For example, having a beer now and again while taking a low dose of Accutane for a couple of months might not be an issue; however, consuming strong drinks every day while taking a strong dose of Accutane for longer periods might potentially cause liver issues and even permanent damage.
Since the outcome may vary drastically from person to person, talking to your doctor, who is aware of your health history, is the best way to determine whether you should enjoy a drink while taking Accutane.
Therefore, don’t take the above as advice, as these are just examples of different ways the human body can react to mixing the two substances.
How to Safely Drink on Accutane?
There isn’t a safe amount of alcohol while on Accutane, so it’s generally best to avoid any alcohol consumption during Accutane treatment.
As previously mentioned, both alcohol and Accutane can cause significant liver damage and can affect everyone differently.
So, while some people may not experience any health concerns while drinking during their Accutane treatment, others may potentially cause permanent liver damage and health issues.
Additionally, Accutane can potentially affect the mental health of some users, and alcohol can exacerbate these issues, which further proves that mixing the two substances isn’t a good idea.
Drinking on Accutane can also increase the risk of physical side effects and exacerbate headaches, dry skin, nosebleeds, drowsiness, and mood swings.
Therefore, it’s best to avoid alcohol consumption as much as you possibly can while taking Accutane or discuss alternative treatments with your health provider.
5 Accutane Alternatives to Treating Acne
Accutane is the most powerful medication for acne.
However, due to the severe side effects associated with it and the fact that most Accutane users will have to make drastic lifestyle changes to avoid them, many are looking for alternatives to help manage acne.
And while nothing on the market comes close to the potency and effectiveness of Accutane, acne can, in many cases, be managed without the need for this powerful drug.
Here are some effective Accutane alternatives to treating acne:
Salicylic acid is a beta hydroxy acid (BHA) that works by dissolving the acne-causing gunk inside the pores, which makes it a highly effective acne treatment.
Unlike Accutane, which works systemically, salicylic acid acts directly on the skin’s surface and has anti-inflammatory and redness-reducing properties.
It’s also easier to get than Accutane, as it can be found in many over-the-counter products, including cleansers, toners, and serums and is suitable for all skin types.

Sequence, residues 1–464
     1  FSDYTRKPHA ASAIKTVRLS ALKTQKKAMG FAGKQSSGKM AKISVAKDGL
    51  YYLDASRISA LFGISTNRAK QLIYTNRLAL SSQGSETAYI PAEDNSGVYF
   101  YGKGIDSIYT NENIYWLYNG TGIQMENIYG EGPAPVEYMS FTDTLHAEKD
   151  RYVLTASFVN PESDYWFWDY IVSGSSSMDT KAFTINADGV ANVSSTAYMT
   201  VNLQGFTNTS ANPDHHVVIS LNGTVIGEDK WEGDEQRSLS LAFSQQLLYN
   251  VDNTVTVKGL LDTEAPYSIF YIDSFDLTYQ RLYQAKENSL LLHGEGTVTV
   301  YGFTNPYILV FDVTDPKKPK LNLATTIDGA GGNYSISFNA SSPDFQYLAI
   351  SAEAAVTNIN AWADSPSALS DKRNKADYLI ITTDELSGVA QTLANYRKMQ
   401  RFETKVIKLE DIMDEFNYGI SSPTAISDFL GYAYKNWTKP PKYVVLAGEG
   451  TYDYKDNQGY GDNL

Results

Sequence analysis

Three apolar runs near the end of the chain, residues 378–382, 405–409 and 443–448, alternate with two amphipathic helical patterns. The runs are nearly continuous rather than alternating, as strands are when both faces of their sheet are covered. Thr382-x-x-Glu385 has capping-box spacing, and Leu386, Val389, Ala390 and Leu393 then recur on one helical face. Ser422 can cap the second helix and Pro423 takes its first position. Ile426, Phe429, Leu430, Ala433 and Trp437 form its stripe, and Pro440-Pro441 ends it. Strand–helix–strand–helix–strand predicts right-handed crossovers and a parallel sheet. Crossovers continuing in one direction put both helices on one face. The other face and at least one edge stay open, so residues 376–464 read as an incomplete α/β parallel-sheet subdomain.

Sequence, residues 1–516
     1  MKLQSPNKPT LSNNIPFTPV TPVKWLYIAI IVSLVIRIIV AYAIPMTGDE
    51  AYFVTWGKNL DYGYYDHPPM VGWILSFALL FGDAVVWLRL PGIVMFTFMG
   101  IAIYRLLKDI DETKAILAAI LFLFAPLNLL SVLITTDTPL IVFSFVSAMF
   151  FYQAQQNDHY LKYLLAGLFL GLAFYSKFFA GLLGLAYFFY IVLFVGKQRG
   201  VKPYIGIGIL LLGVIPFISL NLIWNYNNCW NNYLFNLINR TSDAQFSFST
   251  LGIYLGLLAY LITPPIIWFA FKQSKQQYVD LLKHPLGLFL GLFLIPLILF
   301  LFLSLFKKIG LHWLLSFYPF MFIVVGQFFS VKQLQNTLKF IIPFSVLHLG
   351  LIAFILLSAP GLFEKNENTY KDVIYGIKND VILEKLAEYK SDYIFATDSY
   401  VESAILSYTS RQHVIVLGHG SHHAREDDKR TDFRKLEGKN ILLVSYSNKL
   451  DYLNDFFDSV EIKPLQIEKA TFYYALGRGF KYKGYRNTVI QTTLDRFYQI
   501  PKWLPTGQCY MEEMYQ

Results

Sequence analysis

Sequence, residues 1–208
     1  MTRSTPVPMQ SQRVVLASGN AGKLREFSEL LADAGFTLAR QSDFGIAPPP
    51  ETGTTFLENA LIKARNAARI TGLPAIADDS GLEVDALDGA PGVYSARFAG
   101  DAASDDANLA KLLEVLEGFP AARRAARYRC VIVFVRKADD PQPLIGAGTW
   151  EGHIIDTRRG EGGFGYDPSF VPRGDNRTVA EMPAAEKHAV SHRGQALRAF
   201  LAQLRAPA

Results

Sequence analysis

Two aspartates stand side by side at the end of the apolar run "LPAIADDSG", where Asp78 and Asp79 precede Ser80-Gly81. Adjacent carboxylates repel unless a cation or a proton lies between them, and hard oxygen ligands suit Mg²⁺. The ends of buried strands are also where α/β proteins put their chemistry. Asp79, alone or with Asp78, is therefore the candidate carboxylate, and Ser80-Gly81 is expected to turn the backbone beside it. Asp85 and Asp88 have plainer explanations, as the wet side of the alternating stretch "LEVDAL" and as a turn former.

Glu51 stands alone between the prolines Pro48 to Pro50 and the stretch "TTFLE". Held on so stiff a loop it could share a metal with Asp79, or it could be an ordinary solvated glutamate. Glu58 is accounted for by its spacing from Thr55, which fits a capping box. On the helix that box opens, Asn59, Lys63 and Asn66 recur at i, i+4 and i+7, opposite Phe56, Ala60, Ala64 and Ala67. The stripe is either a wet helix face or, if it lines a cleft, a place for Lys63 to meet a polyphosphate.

This makes it an excellent Accutane alternative for people with mild to moderate acne who want to avoid the side effects associated with Accutane.
The only downside of salicylic acid is that it’s not as effective as Accutane for severe acne, but it can be used in combination with other treatments for better results.
Mandelic acid, derived from the extract of bitter almonds, has gained attention as a potent and accessible alternative to Accutane in the battle against acne.
It operates by speeding up the rate of cell turnover and purging the skin of dead cells, preventing these from causing blockages that result in acne.
Additionally, like salicylic acid, mandelic acid is also gentle and suitable for all skin types thanks to its inflammation and redness-reducing properties.
Furthermore, mandelic acid can be a fantastic solution for post-inflammatory hyperpigmentation, the brown spots that remain on the skin after acne has healed.
Overall, this acid is a good option for those with mild to moderate acne, as well as those looking for a preventative treatment.
Benzoyl peroxide is a powerful acne-fighting ingredient that targets acne-causing bacteria and unclogs pores, providing an effective alternative to Accutane.
It works by infusing oxygen into the pores, which kills the type of bacteria that promotes acne because they cannot survive in an oxygen-rich environment.
Not only does benzoyl peroxide exterminate bacteria, but it also has a keratolytic effect, which means it can help remove dead skin cells and unclog pores, preventing accumulations that may cause additional breakouts.
With its dual action of killing bacteria and promoting skin exfoliation, benzoyl peroxide stands as an accessible, cost-efficient, and impactful alternative to Accutane in managing acne.
Sulfur, a naturally occurring mineral, is another powerful alternative to Accutane for combating acne.
This age-old remedy works by absorbing excess oil, which can prevent pore blockages that cause breakouts.
Additionally, sulfur boasts anti-inflammatory and antibacterial properties, effectively targeting acne-causing bacteria and reducing redness and inflammation.
As a topical treatment, sulfur is generally less harsh than Accutane, and it can be an excellent choice for those seeking a more natural, accessible, and affordable solution to acne care.
Retinoids, which are vitamin A derivatives, are another potent alternative to Accutane for acne treatment.
They work by accelerating the process of skin cell turnover, reducing the likelihood of pore blockage and subsequent acne formation.
Moreover, retinoids help decrease inflammation, a common symptom of acne, and can even improve the skin’s texture and tone over time, including atrophic acne scars.
Known for their efficiency and versatility, retinoids are available in various strengths, both over-the-counter and prescription, making them a flexible, effective, and accessible choice for acne management.
My name is Simone and I am a certified skin specialist. I created this website to teach my readers how to take great care of their skin and I also like to occasionally share my honest opinions on skincare products I’ve tried. You can learn more about me here.